Participation, Collaboration Crucial During USMCA Dispute
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Participation, Collaboration Crucial During USMCA Dispute

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Antonio Gozain By Antonio Gozain | Senior Journalist and Industry Analyst - Tue, 11/09/2021 - 09:24

You can watch the video of this presentation here.

The automotive industry is going through difficult times, with vehicle production and sales hitting their lowest levels in a decade in Mexico following supply chain shortages. To face these issues, the entire industry must remain united and collaborate, says Tatiana Clouthier, Minister of Economy.

“I urge everyone involved in the automotive sector to participate and collaborate, as well as to provide whatever possible help is necessary. I invite (everyone) to maintain unity for the benefit of the North American industry. At the Ministry of Economy, it is our duty to promote a solid auto industry, representing its interests from a regional perspective. Without facing the challenges of the future together, this will not be possible,” said Clouthier at the International Mexican Automotive Industry Congress (CIIAM), an event organized by INA in collaboration with Mexico Business.

USMCA opened big opportunities for Canada, the US and Mexico, according to industry experts. However, disputes between member parties began back in July. “We are aware that the challenge of USMCA consists in its correct administration and full implementation. We are working hard for this process to remain successful. However, in such a broad and deep commercial and economic relationship like ours, it is always possible to find differences. USMCA has tools to clarify them so the three countries can advance and grow in this relationship,” said Clouthier.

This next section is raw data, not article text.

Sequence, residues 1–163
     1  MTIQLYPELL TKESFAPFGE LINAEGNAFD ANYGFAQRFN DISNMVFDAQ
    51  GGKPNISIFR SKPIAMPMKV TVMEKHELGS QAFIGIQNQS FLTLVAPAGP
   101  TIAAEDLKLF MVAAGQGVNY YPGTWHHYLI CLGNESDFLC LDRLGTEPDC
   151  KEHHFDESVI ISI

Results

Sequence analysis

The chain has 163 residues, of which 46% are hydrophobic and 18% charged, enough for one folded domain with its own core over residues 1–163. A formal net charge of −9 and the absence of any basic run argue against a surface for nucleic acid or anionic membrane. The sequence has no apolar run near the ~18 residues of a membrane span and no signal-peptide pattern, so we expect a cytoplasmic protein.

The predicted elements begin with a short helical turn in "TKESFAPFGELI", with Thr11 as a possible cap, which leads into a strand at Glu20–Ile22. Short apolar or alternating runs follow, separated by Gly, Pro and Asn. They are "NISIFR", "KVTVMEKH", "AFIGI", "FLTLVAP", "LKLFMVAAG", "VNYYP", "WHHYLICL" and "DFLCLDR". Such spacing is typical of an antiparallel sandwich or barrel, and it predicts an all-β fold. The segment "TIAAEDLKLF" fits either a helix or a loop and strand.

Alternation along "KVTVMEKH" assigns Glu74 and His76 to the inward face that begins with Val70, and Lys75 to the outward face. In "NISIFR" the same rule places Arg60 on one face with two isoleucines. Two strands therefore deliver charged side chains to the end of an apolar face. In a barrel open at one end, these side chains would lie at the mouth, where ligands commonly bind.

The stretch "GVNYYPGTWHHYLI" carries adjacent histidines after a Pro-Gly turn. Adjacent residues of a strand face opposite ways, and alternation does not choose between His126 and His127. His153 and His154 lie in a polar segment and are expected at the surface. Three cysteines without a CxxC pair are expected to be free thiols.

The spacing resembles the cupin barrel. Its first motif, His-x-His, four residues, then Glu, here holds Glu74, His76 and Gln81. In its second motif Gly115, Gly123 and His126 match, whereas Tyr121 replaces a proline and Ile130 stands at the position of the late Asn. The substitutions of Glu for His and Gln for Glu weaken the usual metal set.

The disagreement on the interpretation of the treaty’s rules of origin has Mexico and Canada arguing about whether a core part should be considered as a 100-percent original part when calculating a vehicle’s Regional Value Content (RVC) requested by USMCA if it complies with 75 percent of the RVC. The US asks for a stricter interpretation, which would calculate the vehicle’s RVC averaging out each core part’s exact RVC.

“Although we have disagreements about the rules of origin, Mexico is working according to USMCA’s mechanisms to reach an understanding that provides legal certainty to the automotive industry and operators. Mexico’s position is to apply USMCA as it was negotiated, respecting the provisions and flexibilities reached during the negotiations,” said Clouthier.

USMCA’s rules of origin have caused disagreement between the three countries but also opened new opportunities for Tier 2 suppliers and investors in Mexico. By 2023, “12.5 percent of vehicle components that were previously imported from Asia or the EU (will) now have to be produced in North America, leading companies in the region to look for local suppliers. Mainly, Tier 1s are looking for Tier 2s to substitute imports,” said to MBN Manuel Montoya, President, Automotive Cluster Network.

The automotive industry is one of the most important sectors for the North American region. In the US, it has historically represented between 3 and 3.5 percent of the country’s GDP. The situation is similar in Mexico, where the industry accounted for 3.5 percent of the total GDP and 18.9 percent of the manufacturing GDP in 2020, according to INEGI. The auto sector is crucial for the growth of the region, said Clouthier, adding that President Andrés Manuel López Obrador has the “firm intention” of consolidating USMCA as a “lever for development” in Mexico and North America.

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